Governments and communities worldwide are facing the increasingly daunting challenge of what to do when citizens who participated in violent extremist conflicts return home. With ISIS’s territorial caliphate extinguished, more than 100 countries could face the task of not only having to reintegrate their citizens, but also preparing their communities for a future with them living next door. This is a society-wide challenge that will engage a cross-cutting spectrum of stakeholders deploying a range of peacebuilding and other tools to build communities and individuals who are more resilient to violent extremism.
by Robert S. Ehlers, Jr, by Thomas A. Drohan | Mon, 02/24/2020 - 12:17am | 2 comments
There is still disagreement and outright confusion about what the IE is, why it matters, how to operate within it, and how to develop a terms and definitions relating to it. While terms and definitions comprise the primary focus of this article, it is most useful to discuss them in the context of interactions between information, competition, and strategy.
by Larry Kay | Sun, 02/23/2020 - 5:33am | 1 comment
Why are conspiracies so prevalent? Why are facts and truth so elusive to so many today? Why are people so susceptible to disinformation? Why is the current political climate so peculiar, turbulent, and divided? It is clear that there is a relationship between the disinformation that people ingest and the vitriol that some seem to spit out. These puzzling circumstances may be the result of a growing trend of postmodern thought in the United States and the world.
by John S. Turner | Sat, 02/22/2020 - 8:16am | 1 comment
Last Wednesday, the Pentagon announced the Army’s 1st SFAB (SFAB—Security Force Assistance Brigade) would deploy within the coming weeks to conduct train, advise, and assist missions in select African countries. This is a good move as it sustains U.S. military presence, and reinforces U.S. commitment to regional security partners as they work to beat back violent extremist and strategic competitor gains for influence.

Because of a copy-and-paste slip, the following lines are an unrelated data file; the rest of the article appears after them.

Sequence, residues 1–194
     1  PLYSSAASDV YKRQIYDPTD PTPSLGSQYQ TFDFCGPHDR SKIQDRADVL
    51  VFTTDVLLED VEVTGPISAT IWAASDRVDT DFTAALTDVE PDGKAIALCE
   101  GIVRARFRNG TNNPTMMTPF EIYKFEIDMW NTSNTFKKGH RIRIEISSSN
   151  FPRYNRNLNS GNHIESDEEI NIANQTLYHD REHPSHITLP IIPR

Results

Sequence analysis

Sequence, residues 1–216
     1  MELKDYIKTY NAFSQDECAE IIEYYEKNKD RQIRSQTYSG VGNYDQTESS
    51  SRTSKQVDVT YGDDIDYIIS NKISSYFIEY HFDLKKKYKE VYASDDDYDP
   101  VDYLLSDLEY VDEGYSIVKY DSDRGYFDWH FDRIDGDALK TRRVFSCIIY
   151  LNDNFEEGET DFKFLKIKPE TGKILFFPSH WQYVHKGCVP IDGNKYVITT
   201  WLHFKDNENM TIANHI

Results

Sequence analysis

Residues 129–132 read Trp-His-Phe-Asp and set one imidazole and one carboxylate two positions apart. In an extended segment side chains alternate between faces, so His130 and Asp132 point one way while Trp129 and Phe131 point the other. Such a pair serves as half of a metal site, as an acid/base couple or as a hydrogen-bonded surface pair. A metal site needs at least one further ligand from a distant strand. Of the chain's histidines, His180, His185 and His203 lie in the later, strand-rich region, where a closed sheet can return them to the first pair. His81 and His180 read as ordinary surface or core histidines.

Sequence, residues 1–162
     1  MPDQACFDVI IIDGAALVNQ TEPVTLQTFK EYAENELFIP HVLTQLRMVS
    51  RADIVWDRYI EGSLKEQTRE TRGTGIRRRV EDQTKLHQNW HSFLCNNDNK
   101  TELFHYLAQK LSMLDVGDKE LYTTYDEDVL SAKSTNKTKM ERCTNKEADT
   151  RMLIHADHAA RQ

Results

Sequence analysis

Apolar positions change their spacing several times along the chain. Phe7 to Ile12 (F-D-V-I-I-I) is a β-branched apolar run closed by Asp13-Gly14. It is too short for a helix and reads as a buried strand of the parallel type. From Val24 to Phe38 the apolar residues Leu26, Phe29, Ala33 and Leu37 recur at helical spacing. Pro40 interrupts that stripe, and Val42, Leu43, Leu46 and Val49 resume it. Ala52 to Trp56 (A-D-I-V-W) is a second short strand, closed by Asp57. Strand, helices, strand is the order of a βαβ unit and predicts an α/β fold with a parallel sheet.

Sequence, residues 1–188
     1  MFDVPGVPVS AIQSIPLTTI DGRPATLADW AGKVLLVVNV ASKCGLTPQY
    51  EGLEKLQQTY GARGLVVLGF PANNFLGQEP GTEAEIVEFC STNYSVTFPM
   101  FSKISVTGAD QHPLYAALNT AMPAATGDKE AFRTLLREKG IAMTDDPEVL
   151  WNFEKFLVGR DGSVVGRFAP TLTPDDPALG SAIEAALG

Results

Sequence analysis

by Adam Gallagher | Fri, 02/21/2020 - 8:51am | 1 comment
After a year and a half of negotiations, the U.S. and Taliban have reached an interim agreement to reduce violence for a period of seven days. If that agreement holds, the two sides will formalize a pact that would lead to intra-Afghan negotiations and a phased U.S. troop withdrawal. Although the reduction in violence is an important achievement, it is but one step on a long, rocky road to peace, noted current and former senior U.S. officials on February 18 at the U.S. Institute of Peace.
by Cooper Strand | Fri, 02/21/2020 - 12:38am | 1 comment
While the termination of the VFA does not necessarily mean a complete end to cooperation between the Philippines and the United States, it does set a precedent that makes continued cooperation more doubtful. Certainly, the Philippines has the right to self-determination. But withdrawing from the VFA could have overwhelmingly negative consequences for the country itself as it grapples with insurgent forces. Additionally, these repercussions could be felt in the Asia-Pacific region as a whole by emboldening Chinese military activity in the region.
by Scott Smith | Thu, 02/20/2020 - 12:51pm | 1 comment
The agreement offers an opportunity to start a process to end the war—but there is much to be done to get there. USIP’s Scott Smith examines the U.S.-Taliban deal and what comes next.
by Franklin C. Annis | Thu, 02/20/2020 - 8:52am | 1 comment
The technological advancements that has allowed for the use of drones, has largely sharpened the existing ethical concerns of military conflicts. As the longer loiter times of drones have allowed for more positive identification of targets, so has the demand to ensure targets are appropriately identified. As drones have allowed for minimizing collateral damage, so has the demand for less collateral damaged has increased. In this way, many of the legal and ethical concerns surrounding drones are simply a re-examination of the classical ethical concerns of armed conflict heightened by advanced technology.